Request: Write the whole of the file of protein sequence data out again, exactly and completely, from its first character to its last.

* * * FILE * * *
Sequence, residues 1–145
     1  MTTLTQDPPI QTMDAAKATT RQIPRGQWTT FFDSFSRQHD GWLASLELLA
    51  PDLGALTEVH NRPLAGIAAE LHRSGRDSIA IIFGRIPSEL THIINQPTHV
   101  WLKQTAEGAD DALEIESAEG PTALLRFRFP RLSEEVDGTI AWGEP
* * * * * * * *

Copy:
Sequence, residues 1–145
     1  MTTLTQDPPI QTMDAAKATT RQIPRGQWTT FFDSFSRQHD GWLASLELLA
    51  PDLGALTEVH NRPLAGIAAE LHRSGRDSIA IIFGRIPSEL THIINQPTHV
   101  WLKQTAEGAD DALEIESAEG PTALLRFRFP RLSEEVDGTI AWGEP